Cavities are some of the most common dental issues experienced in the United States. Some cavities are very hard to spot and may not have any noticeable symptoms, while others can be very painful, making it difficult to eat and drink. A cavity is essentially a hole in the tooth enamel caused by tooth decay, typically a result of poor oral hygiene. If you develop a problematic cavity, your dentist may need to apply a filling to fix it and prevent further complications.
What Is a Filling?
A filling is a simple procedure during which your dentist will clean the affected tooth and fill the cavity with a protective substance. Depending on the location, depth, and severity of the cavity, anesthesia may be necessary for the procedure, and the dentist may need to drill away decay before applying the filling to preserve the rest of the tooth.
Fillings are long-term but not permanent solutions to tooth cavities. Depending on the type of filling applied to your tooth, your filling could last quite a long time or require replacement within a few years.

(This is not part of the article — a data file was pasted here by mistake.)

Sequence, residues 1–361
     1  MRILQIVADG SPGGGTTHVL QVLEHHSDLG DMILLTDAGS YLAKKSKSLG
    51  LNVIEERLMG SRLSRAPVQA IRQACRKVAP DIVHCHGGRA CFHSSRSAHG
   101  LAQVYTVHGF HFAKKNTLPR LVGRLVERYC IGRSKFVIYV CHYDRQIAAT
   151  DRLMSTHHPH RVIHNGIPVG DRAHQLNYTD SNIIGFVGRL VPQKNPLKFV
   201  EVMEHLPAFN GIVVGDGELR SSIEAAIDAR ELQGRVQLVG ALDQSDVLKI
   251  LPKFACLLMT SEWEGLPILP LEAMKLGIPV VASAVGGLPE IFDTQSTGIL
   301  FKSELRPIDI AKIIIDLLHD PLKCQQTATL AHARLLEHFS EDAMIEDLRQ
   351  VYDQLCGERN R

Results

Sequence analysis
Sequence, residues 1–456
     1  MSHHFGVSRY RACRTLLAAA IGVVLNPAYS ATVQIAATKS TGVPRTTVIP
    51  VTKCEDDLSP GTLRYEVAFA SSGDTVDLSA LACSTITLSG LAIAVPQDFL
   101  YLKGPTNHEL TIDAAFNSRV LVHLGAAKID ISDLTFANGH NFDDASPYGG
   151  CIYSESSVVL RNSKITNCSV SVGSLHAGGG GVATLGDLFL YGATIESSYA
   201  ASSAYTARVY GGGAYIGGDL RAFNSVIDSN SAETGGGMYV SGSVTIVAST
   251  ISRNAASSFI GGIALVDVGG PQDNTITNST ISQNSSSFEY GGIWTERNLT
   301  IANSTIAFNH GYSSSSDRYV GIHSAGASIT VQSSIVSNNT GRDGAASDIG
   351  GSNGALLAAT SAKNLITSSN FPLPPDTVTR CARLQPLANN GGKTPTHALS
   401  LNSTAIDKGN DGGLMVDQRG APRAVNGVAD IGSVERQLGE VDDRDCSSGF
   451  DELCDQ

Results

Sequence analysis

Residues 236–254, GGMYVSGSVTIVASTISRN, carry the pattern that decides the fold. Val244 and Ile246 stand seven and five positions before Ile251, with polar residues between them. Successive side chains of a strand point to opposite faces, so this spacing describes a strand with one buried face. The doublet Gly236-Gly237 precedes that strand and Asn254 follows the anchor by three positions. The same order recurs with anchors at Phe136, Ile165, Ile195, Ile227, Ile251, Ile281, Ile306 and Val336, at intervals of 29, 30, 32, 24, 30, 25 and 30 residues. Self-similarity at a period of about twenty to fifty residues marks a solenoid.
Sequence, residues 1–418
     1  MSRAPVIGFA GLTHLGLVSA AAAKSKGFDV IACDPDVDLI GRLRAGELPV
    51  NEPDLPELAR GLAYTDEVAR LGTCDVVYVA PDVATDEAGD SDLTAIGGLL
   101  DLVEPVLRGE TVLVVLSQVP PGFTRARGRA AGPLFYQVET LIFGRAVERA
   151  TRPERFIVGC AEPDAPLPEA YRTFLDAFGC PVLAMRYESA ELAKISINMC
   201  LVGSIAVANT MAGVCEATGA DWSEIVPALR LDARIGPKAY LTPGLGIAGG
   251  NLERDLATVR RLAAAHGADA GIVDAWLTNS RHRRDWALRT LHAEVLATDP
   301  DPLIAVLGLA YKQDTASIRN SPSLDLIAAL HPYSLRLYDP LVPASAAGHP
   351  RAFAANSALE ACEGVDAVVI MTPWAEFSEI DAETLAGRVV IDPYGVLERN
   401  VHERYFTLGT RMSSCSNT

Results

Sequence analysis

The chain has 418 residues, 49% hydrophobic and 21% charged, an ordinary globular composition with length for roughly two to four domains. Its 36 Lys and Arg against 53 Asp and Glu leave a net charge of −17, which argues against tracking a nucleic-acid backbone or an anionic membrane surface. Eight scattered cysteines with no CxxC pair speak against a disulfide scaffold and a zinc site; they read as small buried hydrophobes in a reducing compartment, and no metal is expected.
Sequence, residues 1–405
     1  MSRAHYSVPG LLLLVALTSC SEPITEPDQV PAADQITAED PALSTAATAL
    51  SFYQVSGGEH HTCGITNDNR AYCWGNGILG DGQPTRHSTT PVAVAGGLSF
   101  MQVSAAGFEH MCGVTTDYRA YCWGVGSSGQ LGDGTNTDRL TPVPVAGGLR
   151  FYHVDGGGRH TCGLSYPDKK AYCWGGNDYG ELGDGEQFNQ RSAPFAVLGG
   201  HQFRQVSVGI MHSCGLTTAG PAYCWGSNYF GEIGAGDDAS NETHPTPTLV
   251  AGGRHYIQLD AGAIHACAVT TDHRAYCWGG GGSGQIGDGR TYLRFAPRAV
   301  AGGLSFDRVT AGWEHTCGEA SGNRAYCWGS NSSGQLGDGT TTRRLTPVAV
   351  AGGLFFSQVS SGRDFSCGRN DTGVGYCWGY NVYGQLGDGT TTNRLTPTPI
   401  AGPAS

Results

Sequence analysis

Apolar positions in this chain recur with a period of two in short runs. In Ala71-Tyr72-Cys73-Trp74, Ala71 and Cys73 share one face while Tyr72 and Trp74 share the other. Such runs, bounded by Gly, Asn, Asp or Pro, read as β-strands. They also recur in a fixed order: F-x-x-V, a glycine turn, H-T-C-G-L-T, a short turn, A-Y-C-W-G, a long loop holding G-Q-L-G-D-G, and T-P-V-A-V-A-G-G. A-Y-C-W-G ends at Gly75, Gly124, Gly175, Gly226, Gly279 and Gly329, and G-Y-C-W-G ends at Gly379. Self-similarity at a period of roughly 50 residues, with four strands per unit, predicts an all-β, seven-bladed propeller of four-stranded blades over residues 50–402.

Types of Fillings
Dentists in the United States typically use three different filling procedures, each of which will last a different amount of time:
- Metal amalgam fillings are some of the most durable fillings, and they are generally composed of an amalgam of silver, mercury, copper, and tin. These fillings are fully set within 24 hours of placement and last five to 25 years.
- Composite resin fillings typically consist of resin and quartz particles, aimed at matching the natural color of the tooth. These fillings set within a minute, and they can last five to 15 years.
- Gold fillings are less commonly used today, and they do not provide a natural appearance. These fillings include a blend of gold, copper, and other metals that make for a very durable filling. They typically last 15 to 20 years.
The entire process of having a filling applied may only require a single visit to your dentist. However, some fillings, like composites may require the creation of a dental impression so the filling can be molded in a lab before it is applied.
What Happens When My Filling Breaks or Falls Out?
Having a filling applied to a cavity can provide you with peace of mind for the time being, and you may even forget you have it after a few years. However, fillings are not permanent, and eventually, your filling may break, deteriorate, or dislodge entirely. When this occurs, it’s vital to see your dentist as soon as possible to have the filling repaired or replaced.
If your usual dentist is unavailable or you need emergency filling treatment quickly, Emergency Dental Service is available 24/7 to help connect you with an emergency dental care provider near you. Call us at 1-888-350-1340 or use our online contact form to make your appointment today.